Tuesday, March 16, 2010

No-Till vs. Organic Soil Management

I just came across a cool USDA study on the impacts of various minimum tillage cultivation schemes on grain yields in the Mid-Atlantic. They compared a range of minimal-till farming systems from conventional to organic with different combinations of cover crops, living mulches and different levels of herbicide and nitrogen input.
"After nine years, corn yields were similar in the standard no-tillage and cover crop systems but were 12% lower in the crownvetch system and 28% lower in the organic farming system than in the standard no-tillage system."
The shockingly poor yield of organic grain here was due to a massive proliferation of weeds - which are extremely difficult to control without herbicide.
They also measured yield of corn that was grown conventionally on fields that had been in either conventional or organic production for the previous 9 years. Conventionally-grown corn yields were 18% higher when grown on fields that were historically managed organically.
Organic management (in this system) really improved the soil - mostly through increased nitrogen levels, probably. The catch though is that the organic fields were overwhelmed with weeds!

Sounds like a good opportunity to combine the best of both approaches.

2 comments:

  1. "Sounds like a good opportunity to combine the best of both approaches. "

    I like the way you think. Too many people think it's got to be one way or the other.

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  2. I think people get sucked into those kinds of dualisms because they're really confident about some subset of their knowledge or values, and when they see the "opposite" group lining up their own views, they naturally assume they're against everything the other group is for. Political parties is a really obvious example.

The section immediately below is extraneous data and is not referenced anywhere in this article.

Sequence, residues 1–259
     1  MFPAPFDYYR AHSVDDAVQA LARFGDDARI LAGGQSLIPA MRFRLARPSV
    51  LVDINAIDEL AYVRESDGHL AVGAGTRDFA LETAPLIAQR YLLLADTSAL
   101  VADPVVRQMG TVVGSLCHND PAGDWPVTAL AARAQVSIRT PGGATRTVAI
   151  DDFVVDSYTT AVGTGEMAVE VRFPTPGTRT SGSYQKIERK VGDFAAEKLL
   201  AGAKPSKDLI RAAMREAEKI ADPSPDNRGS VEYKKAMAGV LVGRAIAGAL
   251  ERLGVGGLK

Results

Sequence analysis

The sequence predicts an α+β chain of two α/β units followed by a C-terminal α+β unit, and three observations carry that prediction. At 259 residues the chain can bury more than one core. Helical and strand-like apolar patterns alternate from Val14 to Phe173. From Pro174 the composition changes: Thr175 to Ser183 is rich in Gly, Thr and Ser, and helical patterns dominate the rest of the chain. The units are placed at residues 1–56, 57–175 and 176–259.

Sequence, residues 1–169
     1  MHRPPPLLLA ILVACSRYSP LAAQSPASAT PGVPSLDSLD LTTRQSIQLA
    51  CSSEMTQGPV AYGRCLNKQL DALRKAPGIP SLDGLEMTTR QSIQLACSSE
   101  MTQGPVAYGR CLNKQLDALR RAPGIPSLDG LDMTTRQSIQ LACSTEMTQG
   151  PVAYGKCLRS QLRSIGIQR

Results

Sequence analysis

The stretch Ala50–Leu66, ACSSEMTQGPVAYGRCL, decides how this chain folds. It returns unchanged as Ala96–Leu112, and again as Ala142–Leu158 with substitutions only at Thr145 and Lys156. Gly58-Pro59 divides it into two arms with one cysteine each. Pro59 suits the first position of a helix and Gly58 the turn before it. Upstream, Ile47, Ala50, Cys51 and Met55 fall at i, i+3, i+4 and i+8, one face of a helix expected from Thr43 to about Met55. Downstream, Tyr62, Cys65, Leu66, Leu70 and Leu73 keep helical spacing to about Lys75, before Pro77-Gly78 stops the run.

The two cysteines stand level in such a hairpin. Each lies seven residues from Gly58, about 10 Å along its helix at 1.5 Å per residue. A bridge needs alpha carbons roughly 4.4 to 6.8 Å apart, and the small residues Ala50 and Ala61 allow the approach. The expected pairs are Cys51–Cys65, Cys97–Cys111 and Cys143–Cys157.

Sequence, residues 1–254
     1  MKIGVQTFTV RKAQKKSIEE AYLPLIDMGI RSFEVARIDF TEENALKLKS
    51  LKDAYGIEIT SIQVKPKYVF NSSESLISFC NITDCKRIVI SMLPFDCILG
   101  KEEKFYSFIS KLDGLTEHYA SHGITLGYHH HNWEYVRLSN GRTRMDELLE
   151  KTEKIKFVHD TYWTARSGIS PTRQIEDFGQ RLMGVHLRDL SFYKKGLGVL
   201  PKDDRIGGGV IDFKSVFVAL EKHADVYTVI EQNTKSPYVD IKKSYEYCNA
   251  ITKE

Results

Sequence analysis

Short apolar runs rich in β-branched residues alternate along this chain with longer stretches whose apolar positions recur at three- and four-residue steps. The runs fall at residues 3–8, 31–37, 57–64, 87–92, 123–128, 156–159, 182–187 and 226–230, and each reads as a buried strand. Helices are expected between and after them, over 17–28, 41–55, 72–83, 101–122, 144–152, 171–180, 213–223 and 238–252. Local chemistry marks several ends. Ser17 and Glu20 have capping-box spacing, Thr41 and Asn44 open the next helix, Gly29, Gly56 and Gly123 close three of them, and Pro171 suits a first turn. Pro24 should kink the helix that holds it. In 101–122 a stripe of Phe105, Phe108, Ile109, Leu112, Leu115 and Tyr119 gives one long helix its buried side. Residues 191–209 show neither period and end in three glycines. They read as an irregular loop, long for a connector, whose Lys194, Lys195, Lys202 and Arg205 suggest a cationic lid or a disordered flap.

I find it easier to be open minded by constantly reminding myself how little I really know. Good scientists really nurture this perspective. I once heard an anecdote about a professor who was a world expert in some group of beetles. A lay person asked his lab to identify one they found. His grad students went through all their knowledge and notes and confidently pronounced the identification, but when the professor himself was asked, he said there were far too many species (many unknown) and they were too similar to identify the bug in question. The professor knew enough to know what he didn't know.

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